JFH: The iron-arsed hitman with a foot like a traction engine

John Nicholson
Jimmy Floyd Hasselbaink Chelsea

Johnny Nic pays tribute to Jimmy Floyd Hasselbaink, the promiscuous net-buster who could tw*t a ball like few others…


Who’s this then?
Jerrel Floyd Hasselbaink is now 49 years old and is currently the manager of Burton Albion, having had an 18-year playing career as a striker, turning out for 10 different clubs playing 591 games and netting an impressive 249 times for club and nine for country.

He began in 1990 at Telstar in the Dutch league system but soon moved on to AZ Alkmaar for three seasons. However, he wasn’t massively successful and was let go after five goals in 42 games. He played amateur football for a while before finding a gig in Portugal at Campomaiorense where he scored 12 in 34, which got him a move to Boavista. It was here, now aged 24, that his career really took off as he netted 24 times in 38 games, 20 in 29 league games. It was also here that he won the only trophy of his career when they won the Taça de Portuga.

This got him noticed by Leeds United who were managed by George Graham at the time. He was signed for £2million and across the next two campaigns he scored 42 times in 87 games, sharing the golden boot in his second season. Although he had two years to run on his contract, he couldn’t agree a new deal with the club. Leeds said he wanted far too much money, so he was sold to Atletico Madrid for £10 million.

Atletico was to be his most prolific season scoring a mighty 33 in 43 matches but the club was relegated regardless (a strange thought now) and that triggered a clause in his contract allowing him to leave, destination: Chelsea, and for a joint UK record £15million, the most Chelsea had ever paid for a player. Again, given they’ve just spent almost £100million, it does seem amazing that £15million was as much as they’d paid 21 years ago.

He became a fixture in the side across four seasons never playing less than 41 games. He notched up 87 strikes in 177 and was one of the most feared strikers in the league. In 2001-02 he scored 29 in total, his best in England. But after four years he left just as Roman’s money poured like liquid gold all over the club.

This was understandable though, because the glamour and sheer brilliance of Middlesbrough FC was too much to resist, and off he went to Teesside on a free transfer. In his second and final season he played a crucial part in the most glorious run to the UEFA Cup final, achieved despite losing one leg of every knockout tie, overcoming Roma, Basel and Steaua Bucharest along the way, via two of the greatest comebacks ever seen in European football, scoring four against the Swiss and Dracula’s Boys at home, to win.

For his goal, the third in the quarter-final second leg, scored in Middlesbrough, he will forever be a Teeside legend.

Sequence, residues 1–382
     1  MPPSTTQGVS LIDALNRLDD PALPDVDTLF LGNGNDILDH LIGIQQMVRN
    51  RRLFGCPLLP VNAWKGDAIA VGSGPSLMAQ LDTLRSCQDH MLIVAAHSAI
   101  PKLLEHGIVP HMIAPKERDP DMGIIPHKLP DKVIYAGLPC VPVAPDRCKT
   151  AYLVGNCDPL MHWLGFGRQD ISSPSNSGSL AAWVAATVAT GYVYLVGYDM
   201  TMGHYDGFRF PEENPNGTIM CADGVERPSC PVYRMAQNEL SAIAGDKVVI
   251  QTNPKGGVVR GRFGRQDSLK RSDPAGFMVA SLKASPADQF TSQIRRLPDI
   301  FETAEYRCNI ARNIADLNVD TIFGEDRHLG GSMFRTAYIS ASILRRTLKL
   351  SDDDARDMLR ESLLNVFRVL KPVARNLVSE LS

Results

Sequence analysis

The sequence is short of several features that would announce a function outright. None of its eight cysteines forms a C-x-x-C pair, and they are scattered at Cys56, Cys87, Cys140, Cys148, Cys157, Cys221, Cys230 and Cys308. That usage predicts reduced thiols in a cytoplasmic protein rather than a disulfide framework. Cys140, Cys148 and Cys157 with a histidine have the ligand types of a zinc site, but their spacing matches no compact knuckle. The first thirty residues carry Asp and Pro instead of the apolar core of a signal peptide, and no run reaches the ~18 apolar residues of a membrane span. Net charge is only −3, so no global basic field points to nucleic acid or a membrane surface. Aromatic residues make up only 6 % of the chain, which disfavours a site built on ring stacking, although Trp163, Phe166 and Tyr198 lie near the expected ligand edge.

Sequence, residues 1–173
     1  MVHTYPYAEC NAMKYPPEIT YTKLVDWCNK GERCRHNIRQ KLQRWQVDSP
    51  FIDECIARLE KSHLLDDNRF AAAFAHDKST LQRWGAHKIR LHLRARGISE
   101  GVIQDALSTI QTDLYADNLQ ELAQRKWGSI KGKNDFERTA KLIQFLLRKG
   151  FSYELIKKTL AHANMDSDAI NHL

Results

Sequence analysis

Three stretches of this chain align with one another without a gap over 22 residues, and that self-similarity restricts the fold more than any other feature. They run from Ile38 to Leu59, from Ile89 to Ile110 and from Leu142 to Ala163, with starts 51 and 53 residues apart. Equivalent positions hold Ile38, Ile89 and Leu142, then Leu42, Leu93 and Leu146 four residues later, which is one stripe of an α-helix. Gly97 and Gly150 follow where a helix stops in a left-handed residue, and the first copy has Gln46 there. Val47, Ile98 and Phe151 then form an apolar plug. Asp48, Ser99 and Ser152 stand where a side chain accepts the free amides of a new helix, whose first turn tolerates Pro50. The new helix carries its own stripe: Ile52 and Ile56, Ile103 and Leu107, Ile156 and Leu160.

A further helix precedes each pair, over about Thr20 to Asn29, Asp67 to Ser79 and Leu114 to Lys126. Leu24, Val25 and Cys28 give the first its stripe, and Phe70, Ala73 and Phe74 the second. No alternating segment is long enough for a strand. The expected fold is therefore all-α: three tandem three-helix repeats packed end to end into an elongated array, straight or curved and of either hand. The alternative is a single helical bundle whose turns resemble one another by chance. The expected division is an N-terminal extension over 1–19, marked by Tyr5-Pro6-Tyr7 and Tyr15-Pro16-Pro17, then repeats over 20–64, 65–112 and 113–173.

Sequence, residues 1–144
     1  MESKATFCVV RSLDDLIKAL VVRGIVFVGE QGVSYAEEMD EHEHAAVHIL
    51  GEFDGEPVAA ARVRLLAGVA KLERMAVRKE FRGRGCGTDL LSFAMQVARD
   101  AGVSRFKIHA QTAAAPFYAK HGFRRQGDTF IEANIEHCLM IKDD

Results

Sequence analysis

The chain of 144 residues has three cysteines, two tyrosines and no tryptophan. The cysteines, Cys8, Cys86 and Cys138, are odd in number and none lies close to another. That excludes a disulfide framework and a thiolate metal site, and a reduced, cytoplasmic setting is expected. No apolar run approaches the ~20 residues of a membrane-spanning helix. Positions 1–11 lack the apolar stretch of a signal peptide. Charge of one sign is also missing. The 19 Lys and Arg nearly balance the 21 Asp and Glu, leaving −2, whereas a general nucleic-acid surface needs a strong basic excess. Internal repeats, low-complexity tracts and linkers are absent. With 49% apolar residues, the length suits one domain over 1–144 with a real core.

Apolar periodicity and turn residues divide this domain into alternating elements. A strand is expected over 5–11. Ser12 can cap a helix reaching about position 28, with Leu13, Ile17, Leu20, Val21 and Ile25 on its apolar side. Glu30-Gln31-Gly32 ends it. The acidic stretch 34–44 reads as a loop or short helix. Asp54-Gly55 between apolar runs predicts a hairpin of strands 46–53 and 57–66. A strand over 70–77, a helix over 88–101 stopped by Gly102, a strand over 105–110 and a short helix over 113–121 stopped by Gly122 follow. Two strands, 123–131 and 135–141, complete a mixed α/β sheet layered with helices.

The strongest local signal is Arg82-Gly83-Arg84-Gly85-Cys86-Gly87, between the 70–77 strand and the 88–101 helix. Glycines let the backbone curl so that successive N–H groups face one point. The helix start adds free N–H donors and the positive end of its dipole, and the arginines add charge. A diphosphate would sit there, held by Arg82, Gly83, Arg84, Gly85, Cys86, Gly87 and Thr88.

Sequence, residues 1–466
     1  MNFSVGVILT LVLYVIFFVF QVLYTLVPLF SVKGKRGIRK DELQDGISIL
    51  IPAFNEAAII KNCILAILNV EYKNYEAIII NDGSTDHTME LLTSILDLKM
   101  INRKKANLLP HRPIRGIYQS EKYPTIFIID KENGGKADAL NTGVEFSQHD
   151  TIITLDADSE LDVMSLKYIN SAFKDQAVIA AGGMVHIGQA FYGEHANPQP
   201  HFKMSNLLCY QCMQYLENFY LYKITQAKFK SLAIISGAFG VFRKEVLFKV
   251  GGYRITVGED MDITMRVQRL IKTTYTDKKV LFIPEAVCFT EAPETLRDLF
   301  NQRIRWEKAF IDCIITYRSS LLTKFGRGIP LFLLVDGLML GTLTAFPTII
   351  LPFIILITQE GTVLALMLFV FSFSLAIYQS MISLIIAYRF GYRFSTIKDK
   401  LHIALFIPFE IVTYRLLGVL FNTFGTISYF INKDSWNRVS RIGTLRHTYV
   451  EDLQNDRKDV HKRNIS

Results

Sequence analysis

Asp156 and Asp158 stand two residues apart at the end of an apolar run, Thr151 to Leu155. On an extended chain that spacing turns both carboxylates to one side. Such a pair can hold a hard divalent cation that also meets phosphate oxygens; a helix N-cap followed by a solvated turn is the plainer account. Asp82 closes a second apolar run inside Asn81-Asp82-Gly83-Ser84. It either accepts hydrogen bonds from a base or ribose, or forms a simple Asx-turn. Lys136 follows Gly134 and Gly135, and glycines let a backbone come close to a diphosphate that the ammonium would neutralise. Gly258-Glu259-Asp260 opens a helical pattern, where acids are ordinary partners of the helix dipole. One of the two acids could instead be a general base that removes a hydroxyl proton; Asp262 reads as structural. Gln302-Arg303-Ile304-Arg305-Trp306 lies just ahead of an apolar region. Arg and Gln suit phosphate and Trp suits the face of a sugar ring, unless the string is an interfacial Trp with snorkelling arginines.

The last game he played for Boro was the 4-0 defeat to Sevilla in the UEFA Cup final. From there he went to Charlton, but that was a let down after the thrill of playing for Middlesbrough, so after four goals in 29 games he finished his career playing for Cardiff trying to relive the glorious days on Teesside. The 2007-08 campaign was his last season, he scored nine goals in Wales, played 44 times, lost the FA Cup final and then hung up his boots.

Despite being a reliable goal scorer, he only played 23 games for the Netherlands 1998-2002, scoring nine times.

But that is only half the JFH story because he’s been gigging in the managerial game for eight years now with variable success. Royal Antwerp, Burton Albion, QPR. Northampton and Burton again have all been under his guidance since 2013. A 61.1%-win ratio at Burton in his first spell with them won the league. But his move to QPR and then Northampton saw him down in the boondocks with 27% and 23% win ratios.

Things started well in his second spell at Burton in 2021 and he lost only six games from the second week in January to the end of the season winning 13 and drawing five. And he began this season by winning the first three, but they’re now five without a win and sitting mid-table.


What’s so great about… Alan Smith | N’golo Kante | Gareth Southgate


Why the love?
First things first. He could really bloody belt a ball. Full leather thrashing. He could hit a free-kick from 35 yards and take the net off and didn’t even need much backlift to do it. It’s the thing that stands out about him, even 14 years after his retirement. His ease, his nonchalance, and his ability to absolutely batter the ball.

Every fan loves a goalscorer. He was always a direct player who sometimes made football look very easy. His strike for Middlesbrough in that famous UEFA Cup quarter-final against Basel was typical. It looks like he didn’t even mean it, so causal and almost insouciant was it. He walks away without so much a smile on his face, like it hadn’t even happened.

Football looked easy for JFH. You never had the impression of him sweating bullets trying to score goals. It all came quite naturally. His rocket-fuelled shot was powered by impressively large buttocks. Always one of those players about whom you could say he filled his shorts, this gave him a solidity and resilience as a striker. Basically, he was so heavily weighed down by the iron arse, that you couldn’t knock him off the ball.